My friends call me “thrifty.”  Maybe my penchant for reusing things comes from having parents who lived during the Great Depression and were always trying to out do one another with stories of how poor they were.  My father recalled having to eat chicken skin, chicken fat and gristle at dinner because his mother “paid for that too.”  Little did they know that with some imagination, some secret ingredients and a whole lotta cooking fat, they could have made the first chicken nuggets and ended that Great Depression  at least as far as they were concerned.  But I digress. (Why do I always do that?)  Here are some examples of how I’ve been recycling.

Unraveling Sweater

I bought this Man’s size large Shetland wool sweater at a thrift ship for $5.99 so I could take it apart and reuse the wool.

Unaveled Yarn

Taking a sweater apart can be tedious but who doesn’t love a challenge?

Ball

One big ball of yard and lots of sweater left to unravel.

316 rods

I wanted some fatter lamp working mandrels.  These are about 5 mm.  I got them from a discontinued  Ikea storage cart.  I think they are aluminum but they work fine although not as well as steel.

Cheerios

Now I can make beads that look like Cheerios!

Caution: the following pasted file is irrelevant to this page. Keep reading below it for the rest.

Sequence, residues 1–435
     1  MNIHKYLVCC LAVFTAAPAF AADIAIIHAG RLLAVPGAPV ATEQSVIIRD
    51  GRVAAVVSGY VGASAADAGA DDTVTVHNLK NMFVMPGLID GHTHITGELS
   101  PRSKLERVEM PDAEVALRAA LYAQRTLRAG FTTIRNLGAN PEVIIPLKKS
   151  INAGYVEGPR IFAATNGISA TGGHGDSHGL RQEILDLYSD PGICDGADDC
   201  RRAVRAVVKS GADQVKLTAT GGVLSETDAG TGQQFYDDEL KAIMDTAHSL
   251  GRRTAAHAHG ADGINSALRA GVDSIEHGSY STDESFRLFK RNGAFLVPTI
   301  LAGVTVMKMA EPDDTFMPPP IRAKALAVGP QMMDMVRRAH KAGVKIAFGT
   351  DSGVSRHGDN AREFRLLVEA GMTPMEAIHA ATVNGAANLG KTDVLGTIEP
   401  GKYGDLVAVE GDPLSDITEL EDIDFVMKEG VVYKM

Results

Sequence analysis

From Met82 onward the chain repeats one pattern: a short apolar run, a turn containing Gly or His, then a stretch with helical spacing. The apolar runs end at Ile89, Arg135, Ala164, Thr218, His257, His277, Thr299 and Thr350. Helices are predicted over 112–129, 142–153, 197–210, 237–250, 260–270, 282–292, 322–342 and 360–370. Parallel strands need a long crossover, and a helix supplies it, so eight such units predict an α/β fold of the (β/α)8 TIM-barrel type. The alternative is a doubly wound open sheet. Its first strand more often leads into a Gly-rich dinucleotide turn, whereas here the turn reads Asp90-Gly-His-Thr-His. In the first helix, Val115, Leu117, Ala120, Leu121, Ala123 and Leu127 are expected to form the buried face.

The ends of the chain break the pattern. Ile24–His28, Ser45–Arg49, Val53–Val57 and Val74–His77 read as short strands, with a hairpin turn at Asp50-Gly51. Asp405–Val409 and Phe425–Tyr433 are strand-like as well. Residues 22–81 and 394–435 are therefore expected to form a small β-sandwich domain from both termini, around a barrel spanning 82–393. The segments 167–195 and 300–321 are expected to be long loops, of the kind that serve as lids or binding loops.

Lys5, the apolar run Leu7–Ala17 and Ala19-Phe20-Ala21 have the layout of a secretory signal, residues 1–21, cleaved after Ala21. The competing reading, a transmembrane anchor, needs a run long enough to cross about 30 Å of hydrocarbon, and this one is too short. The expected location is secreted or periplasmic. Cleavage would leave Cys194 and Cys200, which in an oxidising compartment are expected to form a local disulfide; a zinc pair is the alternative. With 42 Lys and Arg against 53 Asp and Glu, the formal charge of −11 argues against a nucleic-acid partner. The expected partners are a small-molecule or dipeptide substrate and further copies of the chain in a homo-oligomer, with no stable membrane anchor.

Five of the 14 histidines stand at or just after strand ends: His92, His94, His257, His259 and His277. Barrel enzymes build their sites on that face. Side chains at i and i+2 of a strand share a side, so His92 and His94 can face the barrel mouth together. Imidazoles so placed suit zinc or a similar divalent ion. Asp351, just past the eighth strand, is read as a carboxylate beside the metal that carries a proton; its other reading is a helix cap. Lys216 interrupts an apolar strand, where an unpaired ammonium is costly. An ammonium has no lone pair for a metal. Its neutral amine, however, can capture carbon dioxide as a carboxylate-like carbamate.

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I had to stop eating cheese because of a medical problem and had no trouble finding a new role for the cheese grater.

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Cheese graters hold lots of earrings.    You could blast it with a coat of spray paint (minus the earrings of course) to give it a new look.  Make sure the holes don’t get clogged though.

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Here’s a silicone mat with little fingery things meant to be used for drying  crystal wine glasses.  I got mine on sale for about $5.00.

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They’re a great tool for coating small items with resin .  Place your cabochon or what have you on the mat and pour.  The excess resin runs into the mat and when it cures, simply pop it off!   Here’s a link to a similar mat that Amazon sells.  You could probably find a better deal or snatch one up at a yard sale.